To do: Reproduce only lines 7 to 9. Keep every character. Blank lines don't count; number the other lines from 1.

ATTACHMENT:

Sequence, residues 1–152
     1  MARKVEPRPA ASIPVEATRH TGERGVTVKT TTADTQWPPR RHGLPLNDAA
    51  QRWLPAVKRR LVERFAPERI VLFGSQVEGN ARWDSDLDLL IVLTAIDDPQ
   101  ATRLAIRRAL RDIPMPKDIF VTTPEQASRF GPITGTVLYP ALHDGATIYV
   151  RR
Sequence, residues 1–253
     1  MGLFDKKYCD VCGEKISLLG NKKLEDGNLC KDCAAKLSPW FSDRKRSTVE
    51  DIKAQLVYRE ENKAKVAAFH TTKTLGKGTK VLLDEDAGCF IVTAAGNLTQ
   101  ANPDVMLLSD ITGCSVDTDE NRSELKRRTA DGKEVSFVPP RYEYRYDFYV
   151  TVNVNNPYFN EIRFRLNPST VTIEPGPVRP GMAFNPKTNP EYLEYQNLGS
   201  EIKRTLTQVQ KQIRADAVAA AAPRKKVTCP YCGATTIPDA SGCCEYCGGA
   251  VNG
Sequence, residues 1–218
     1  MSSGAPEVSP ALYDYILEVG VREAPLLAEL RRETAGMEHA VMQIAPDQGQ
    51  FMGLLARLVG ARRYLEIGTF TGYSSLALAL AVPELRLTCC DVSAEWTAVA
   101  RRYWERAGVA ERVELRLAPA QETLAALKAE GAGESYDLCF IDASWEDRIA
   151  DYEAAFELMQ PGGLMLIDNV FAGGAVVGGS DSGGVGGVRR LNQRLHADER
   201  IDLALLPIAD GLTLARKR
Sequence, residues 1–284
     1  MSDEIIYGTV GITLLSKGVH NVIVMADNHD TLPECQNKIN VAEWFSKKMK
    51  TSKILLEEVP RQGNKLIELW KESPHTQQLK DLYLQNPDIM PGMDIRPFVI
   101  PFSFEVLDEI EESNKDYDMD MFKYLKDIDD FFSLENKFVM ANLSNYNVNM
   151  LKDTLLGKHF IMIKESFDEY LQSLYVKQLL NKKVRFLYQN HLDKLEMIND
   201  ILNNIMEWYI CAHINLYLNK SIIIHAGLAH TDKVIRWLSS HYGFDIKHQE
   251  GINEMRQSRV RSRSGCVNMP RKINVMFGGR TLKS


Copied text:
     1  MGLFDKKYCD VCGEKISLLG NKKLEDGNLC KDCAAKLSPW FSDRKRSTVE
    51  DIKAQLVYRE ENKAKVAAFH TTKTLGKGTK VLLDEDAGCF IVTAAGNLTQ
   101  ANPDVMLLSD ITGCSVDTDE NRSELKRRTA DGKEVSFVPP RYEYRYDFYV